I’ve seen Jackie Chan wallowing in alcohol until he started to sway and stagger, unleashing his drunken Kung Fu strokes in “The Legend of the Drunken Master”. This time, it was a group of intoxicated men that were already dancing their way to Senado Square early in the morning around 9am, leaving us agape!
The Kung Fu Dragons – they don’t fight, they dance hard and…
… they spew!
We were in the right place at the right time. On the eighth day of the fourth lunar month each year, three Chinese religious festivals coincide together – the Drunken Dragon Festival, the Feast of the Buddha and Tam Kung Festival. All three festivals take place at different locations in Macau, and we joined in the boisterous celebration with the “drunken dragons” at Leal Senado Square.
It’s absolutely amusing to watch the drunken dragons spewing at each other while doing the Kung Fu dance with serious facial expressions!
The drunken dragons feast each other with wine too, to make sure that all are really drunk!
Organized by the Fishermen Associations of Macau, the parade starts from Kuan Tai Temple near Senado Square and the drunken men will go around shops and piers to dance and celebrate this unique festival.
The friendly intoxicated gang are all camera ready!
Donned in black pants and white shirt with two big conspicuous Chinese characters that literally mean “Drunken Dragon”, as well as a red bandana attached with golden flowers tied around the head, each man was carrying a part of a wooden dragon – the head or the tail. Mind you, it’s not a dragon as a whole, but a segmented one!
According to the legend, back in the Qing dynasty, a village was plagued by a deadly epidemic. The villagers prayed for protection and paraded the streets with a large Buddha. Along the way, they were blocked by a huge python. However, the creature was killed, cut into pieces and threw into the river by a drunken monk. Miraculously, the sick villagers who drank the water from the river had recovered. They believed that the python was a divine dragon that had saved their lives. They carved the image of a dragon and celebrated the Buddha festival while drinking wildly and dancing with the dragon.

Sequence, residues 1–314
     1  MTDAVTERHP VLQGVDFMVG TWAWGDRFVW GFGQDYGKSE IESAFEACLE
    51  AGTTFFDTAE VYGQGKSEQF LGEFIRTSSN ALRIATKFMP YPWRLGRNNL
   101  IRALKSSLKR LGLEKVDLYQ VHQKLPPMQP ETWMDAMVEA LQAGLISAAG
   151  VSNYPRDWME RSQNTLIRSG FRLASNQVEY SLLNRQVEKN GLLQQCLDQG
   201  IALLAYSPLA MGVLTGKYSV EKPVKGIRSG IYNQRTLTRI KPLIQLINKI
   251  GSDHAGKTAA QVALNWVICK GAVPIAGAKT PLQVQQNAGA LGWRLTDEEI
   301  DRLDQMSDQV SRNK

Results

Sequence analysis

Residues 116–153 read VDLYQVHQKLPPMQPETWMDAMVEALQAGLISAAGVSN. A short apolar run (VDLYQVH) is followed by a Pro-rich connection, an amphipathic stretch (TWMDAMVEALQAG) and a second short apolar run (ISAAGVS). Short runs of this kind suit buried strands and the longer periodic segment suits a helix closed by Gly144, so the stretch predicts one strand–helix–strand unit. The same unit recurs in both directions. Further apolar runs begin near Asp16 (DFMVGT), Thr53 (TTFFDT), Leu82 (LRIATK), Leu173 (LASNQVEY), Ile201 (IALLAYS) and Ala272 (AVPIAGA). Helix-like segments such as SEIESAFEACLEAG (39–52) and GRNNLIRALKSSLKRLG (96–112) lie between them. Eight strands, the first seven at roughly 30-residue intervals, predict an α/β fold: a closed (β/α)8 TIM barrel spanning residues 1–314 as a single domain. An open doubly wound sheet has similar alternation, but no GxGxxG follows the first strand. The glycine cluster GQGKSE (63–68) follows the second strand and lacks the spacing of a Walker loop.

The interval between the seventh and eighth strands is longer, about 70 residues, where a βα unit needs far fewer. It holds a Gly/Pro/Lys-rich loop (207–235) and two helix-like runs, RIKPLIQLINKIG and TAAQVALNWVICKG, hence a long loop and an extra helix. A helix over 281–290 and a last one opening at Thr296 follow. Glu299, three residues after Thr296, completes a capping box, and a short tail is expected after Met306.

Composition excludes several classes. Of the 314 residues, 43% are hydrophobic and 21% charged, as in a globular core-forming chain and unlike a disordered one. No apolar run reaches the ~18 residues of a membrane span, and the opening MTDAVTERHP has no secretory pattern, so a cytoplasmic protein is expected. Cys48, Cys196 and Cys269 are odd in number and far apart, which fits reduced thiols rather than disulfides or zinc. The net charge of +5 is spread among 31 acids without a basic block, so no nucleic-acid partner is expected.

The mythical legend has evolved into an annual jovial feast in Macau, with curious tourists, photographers and the press all thronging the Senado Square to see the Dragon Parade.
Accompanied by the beating of the drums, the drunken men circled around while holding the dragon parts and seemingly swayed in a trance but they never fall! What really amused me was when the drunken gang started spewing wine directly at each other’s face. No wonder some photographers wrapped their cameras in plastic bags!
The photographers kept asking the drunken men to spew again and again for photos!
Next time when someone spews at you, don’t get offended; he might be the drunken dragon.
Another interesting highlight of the festival was the Floating Procession or the Floating Colours as translated from Chinese （飘色）. This was the first we saw children with thick make-up and folklore costumes appear to be gliding in the air!
Initially, we really couldn’t figure out how a kid was able to lift another kid with a stick for hours! Hidden under the costumes are actually rods and wires that can hold the children in an upright position. It’s really a test of endurance for the young ones who have to stand on the decorated handcarts under the hot sun, yet not forgetting to smile and wave at the crowd!
“Do you want to be the next “floating” kid?”
The Lion with the widest smile.
Put that smile on your face.
What’s the guy doing behind the Lion?
Everyone can pose with the Lion for a wild shot.
Off they went, the Lion Dance troupe.
The young Dragon Dance troupe.
The guardian and the crouching dragons…
Hardcore photographers standing on the edge to nab their million dollar shots.
At the end of the festival, everyone joins in the feast. Folks will queue up to get the food prepared by the association.
Located along Avenida de Almeida Ribeiro (San Man Lo 新馬路), the main avenue in the city centre, Leal Senado Square (Portuguese: Largo do Senado) is a living museum. It is part of the UNESCO listed “Historic Centre of Macau”.
Enclosed by pastel-coloured, neoclassical colonial architectures including the Holy House of Mercy, Macau Business Tourism Centre, Civic and Municipal Affairs Bureau Building and the Central Post Office, Senado Square has been a civic hub for centuries and is still a favourite venue for celebrations.
Experts from Portugal paved the Square with an elegant wave pattern of black and white cobblestones that were imported from Portugal, exuding a Mediterranean atmosphere.
Built in 1587 by Spanish Dominican priests, St Dominic’s Church (at Senado Square) is also enlisted in the UNESCO World Heritage Site “Historic Centre of Macau”.
With 5-10 mins of walking from St Dominic’s Church, you can get to the Ruins of St Paul’s, undoubtedly the most iconic landmark of Macau.